The motorways of the sea, rivers are imperative to the world in which we live. Great civilisations were built around them, economies flourished because of them, and life thrives as a result of them. They have had a hugely profound effect on the world as we know it, influencing everything from folklore, to food, and even faith. They are more than a stretch of water, or a route from A to B; they are the Earth's very own circulatory system, the lifeblood of civilisation. Read on as we scour the globe and discover 5 of the World's Most Important Rivers:
One of Europe's most iconic rivers, the indomitable Danube played a major role in the formation of some of the most powerful empires in history. Stretching a massive 1,770 miles and weaving its way through no less than 10 countries, the Danube has long acted as a link between central and south east Europe. From its source in the Black Forest of Germany to its estuary at the Black sea, its influence is far reaching. Indeed, the Danube played a pivotal role throughout the history of the region, including marking the northern border of the mighty Roman Empire, acting as a site of constant conflict for the Ottoman Empire and being seized by the Nazis in World War II.
Today, the Danube is used for hydro-electric power, trade, industry and transportation. It is also a popular attraction for tourists with Danube cruises proving extremely popular.
Travelling a distance of 1,557 miles through India, Nepal and Bangladesh, the river Ganges is one of the most religiously significant places in the world, drawing millions of pilgrims to her banks every single year. Hindu mythology states that the Ganges flows from heaven, sent by Lord Shiva to purify people on Earth. Because of this, Hindus believe that bathing in the Ganges rids them of sin, a process which is celebrated every June when worshipers from all over the world descend on the Ganges to celebrate the avatarana - the coming of the Ganges from heaven to Earth.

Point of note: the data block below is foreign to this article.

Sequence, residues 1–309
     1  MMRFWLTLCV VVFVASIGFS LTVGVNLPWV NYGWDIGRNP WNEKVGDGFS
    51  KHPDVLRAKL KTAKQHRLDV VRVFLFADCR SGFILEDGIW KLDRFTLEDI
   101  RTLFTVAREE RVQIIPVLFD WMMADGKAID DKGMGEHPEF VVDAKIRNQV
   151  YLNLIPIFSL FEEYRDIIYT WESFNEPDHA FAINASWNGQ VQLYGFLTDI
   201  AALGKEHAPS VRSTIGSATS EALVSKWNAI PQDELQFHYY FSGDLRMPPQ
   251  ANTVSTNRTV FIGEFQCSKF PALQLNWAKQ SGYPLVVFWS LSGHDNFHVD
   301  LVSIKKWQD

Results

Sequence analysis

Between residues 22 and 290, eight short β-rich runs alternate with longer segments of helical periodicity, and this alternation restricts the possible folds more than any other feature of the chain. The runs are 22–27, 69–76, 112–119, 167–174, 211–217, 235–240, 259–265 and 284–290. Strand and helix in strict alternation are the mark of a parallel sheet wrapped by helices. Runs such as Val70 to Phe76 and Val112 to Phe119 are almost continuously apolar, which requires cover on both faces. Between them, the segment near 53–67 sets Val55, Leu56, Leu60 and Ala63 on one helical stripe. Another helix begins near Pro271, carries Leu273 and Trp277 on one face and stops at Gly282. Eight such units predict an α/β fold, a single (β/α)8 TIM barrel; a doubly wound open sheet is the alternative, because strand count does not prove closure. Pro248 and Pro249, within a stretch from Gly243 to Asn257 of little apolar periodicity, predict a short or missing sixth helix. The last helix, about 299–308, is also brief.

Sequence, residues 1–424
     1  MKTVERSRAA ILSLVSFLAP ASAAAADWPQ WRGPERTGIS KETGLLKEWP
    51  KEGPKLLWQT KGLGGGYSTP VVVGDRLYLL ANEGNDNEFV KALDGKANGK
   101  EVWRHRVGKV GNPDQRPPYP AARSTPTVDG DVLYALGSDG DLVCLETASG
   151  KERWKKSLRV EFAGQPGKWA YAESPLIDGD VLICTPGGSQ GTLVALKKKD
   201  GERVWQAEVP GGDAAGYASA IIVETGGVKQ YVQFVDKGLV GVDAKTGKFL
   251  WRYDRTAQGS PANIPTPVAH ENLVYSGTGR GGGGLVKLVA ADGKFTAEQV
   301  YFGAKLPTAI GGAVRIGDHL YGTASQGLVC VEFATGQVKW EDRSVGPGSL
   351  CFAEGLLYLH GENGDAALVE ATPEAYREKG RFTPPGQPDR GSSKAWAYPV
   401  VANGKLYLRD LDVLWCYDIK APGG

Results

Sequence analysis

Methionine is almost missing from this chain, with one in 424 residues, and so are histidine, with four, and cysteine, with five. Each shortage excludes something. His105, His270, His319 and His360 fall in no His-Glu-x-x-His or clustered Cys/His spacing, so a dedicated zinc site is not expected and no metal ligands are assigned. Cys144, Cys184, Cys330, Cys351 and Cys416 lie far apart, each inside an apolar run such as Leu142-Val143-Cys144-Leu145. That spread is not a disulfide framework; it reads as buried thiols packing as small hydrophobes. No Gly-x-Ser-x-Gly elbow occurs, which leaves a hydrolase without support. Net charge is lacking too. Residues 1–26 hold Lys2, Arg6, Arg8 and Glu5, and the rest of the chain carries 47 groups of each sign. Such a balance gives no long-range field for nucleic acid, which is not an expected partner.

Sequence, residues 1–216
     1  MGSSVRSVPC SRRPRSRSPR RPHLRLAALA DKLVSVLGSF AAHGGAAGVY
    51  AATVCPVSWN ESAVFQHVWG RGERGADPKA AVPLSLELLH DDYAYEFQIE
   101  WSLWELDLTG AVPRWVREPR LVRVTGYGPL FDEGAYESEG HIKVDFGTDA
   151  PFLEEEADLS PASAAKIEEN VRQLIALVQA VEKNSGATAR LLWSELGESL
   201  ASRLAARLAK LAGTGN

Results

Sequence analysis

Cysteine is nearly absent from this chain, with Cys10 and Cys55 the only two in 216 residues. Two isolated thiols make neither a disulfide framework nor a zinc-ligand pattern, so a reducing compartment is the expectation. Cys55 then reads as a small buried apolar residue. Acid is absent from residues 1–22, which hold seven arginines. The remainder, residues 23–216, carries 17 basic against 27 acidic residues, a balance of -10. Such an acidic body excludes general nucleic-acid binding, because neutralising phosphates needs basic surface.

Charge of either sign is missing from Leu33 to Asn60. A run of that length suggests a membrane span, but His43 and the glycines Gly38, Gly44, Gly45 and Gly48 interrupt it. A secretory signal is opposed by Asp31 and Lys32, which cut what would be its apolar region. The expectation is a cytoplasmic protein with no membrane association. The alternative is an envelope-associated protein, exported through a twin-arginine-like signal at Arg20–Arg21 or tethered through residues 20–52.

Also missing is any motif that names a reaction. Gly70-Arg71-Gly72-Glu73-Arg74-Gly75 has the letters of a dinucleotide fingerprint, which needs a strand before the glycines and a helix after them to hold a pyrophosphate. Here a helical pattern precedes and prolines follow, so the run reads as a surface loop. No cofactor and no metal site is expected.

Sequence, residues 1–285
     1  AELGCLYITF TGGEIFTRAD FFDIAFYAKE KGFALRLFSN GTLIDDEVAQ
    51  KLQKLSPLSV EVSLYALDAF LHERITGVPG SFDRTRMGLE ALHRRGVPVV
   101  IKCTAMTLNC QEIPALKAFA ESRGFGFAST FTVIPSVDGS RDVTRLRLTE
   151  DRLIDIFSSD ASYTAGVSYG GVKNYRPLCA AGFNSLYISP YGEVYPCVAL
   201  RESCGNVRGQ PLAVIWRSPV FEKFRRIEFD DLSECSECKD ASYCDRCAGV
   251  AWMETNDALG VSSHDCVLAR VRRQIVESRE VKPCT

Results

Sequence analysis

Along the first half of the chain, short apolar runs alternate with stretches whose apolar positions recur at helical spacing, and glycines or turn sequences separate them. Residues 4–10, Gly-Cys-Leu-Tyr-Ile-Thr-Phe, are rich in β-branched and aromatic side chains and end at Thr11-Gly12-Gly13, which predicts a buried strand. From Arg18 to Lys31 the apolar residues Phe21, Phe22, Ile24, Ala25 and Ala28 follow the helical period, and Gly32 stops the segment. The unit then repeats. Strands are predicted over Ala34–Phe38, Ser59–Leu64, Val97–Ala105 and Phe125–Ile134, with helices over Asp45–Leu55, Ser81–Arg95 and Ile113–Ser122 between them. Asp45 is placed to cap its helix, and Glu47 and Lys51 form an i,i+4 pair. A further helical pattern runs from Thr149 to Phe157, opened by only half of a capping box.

The third longest river in the world, the Yangtze flows some 3,998 miles through the very heart of China to the east coast where it meets the East China Sea. The river is of enormous historical and cultural significance having acted as a borderline between North and South China in the past. In economic terms, the river plays a major role in the nation's growing prosperity with the Yangtze River Delta creating as much as 20% of China's GDP. The river also plays host the world's largest hydro-electric power plant, the impressive Three Gorges Dam, which accounts for a staggering 11% of the country's power output alone.
As the longest, and perhaps most historically significant, river in the world, the Nile requires no introduction. Stretching a gargantuan 4,180 miles long, the Nile follows an epic route through East of Africa, originating at Lake Victoria before snaking north through Tanzania, Uganda, Sudan and culminating in Egypt where it eventually joins the Mediterranean Sea. Indeed, Egypt itself is often referred to as the 'Gift of the Nile' because, without it, Egypt as we know it would most likely not exist. In the past, annual flooding of the river ensured that fertile soil was dispersed far and wide, ensuring crops were plentiful on land that was once predominantly desert. The all-conquering Ancient Egyptian Empire was founded and flourished on the banks of the Nile which provided a source of sustenance, a means of transport and a gateway for trade.
Carrying more water than any other river in the world, the Amazon River accounts for a massive 20% of the fresh water flowing into the world's oceans. Travelling 4,000 miles through Brazil, Columbia and Peru, the river is the second longest in the world. Reaching over 30 miles wide during wet season, the Amazon discharges more water than the combined total of the next seven of the world's largest rivers.